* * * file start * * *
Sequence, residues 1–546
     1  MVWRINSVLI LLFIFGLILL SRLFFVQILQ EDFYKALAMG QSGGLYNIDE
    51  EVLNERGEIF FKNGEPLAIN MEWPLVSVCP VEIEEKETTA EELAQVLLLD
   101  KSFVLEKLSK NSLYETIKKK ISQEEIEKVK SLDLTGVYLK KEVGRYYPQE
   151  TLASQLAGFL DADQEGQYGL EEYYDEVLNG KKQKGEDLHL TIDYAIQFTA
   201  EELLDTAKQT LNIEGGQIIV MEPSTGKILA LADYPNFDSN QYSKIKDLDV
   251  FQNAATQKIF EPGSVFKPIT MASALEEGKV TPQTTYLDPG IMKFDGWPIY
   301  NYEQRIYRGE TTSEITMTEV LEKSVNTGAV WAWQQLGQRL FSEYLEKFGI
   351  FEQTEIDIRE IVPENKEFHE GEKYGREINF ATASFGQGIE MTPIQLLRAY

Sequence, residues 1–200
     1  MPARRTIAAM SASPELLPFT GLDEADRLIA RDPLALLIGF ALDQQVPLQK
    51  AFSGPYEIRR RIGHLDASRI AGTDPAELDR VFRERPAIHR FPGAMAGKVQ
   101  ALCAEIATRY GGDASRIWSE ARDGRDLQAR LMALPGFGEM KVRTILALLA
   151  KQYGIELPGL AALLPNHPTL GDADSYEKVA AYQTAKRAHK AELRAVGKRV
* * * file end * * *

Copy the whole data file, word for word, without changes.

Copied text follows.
Sequence, residues 1–546
     1  MVWRINSVLI LLFIFGLILL SRLFFVQILQ EDFYKALAMG QSGGLYNIDE
    51  EVLNERGEIF FKNGEPLAIN MEWPLVSVCP VEIEEKETTA EELAQVLLLD
   101  KSFVLEKLSK NSLYETIKKK ISQEEIEKVK SLDLTGVYLK KEVGRYYPQE
   151  TLASQLAGFL DADQEGQYGL EEYYDEVLNG KKQKGEDLHL TIDYAIQFTA
   201  EELLDTAKQT LNIEGGQIIV MEPSTGKILA LADYPNFDSN QYSKIKDLDV
   251  FQNAATQKIF EPGSVFKPIT MASALEEGKV TPQTTYLDPG IMKFDGWPIY
   301  NYEQRIYRGE TTSEITMTEV LEKSVNTGAV WAWQQLGQRL FSEYLEKFGI
   351  FEQTEIDIRE IVPENKEFHE GEKYGREINF ATASFGQGIE MTPIQLLRAY

Sequence, residues 1–200
     1  MPARRTIAAM SASPELLPFT GLDEADRLIA RDPLALLIGF ALDQQVPLQK
    51  AFSGPYEIRR RIGHLDASRI AGTDPAELDR VFRERPAIHR FPGAMAGKVQ
   101  ALCAEIATRY GGDASRIWSE ARDGRDLQAR LMALPGFGEM KVRTILALLA
   151  KQYGIELPGL AALLPNHPTL GDADSYEKVA AYQTAKRAHK AELRAVGKRV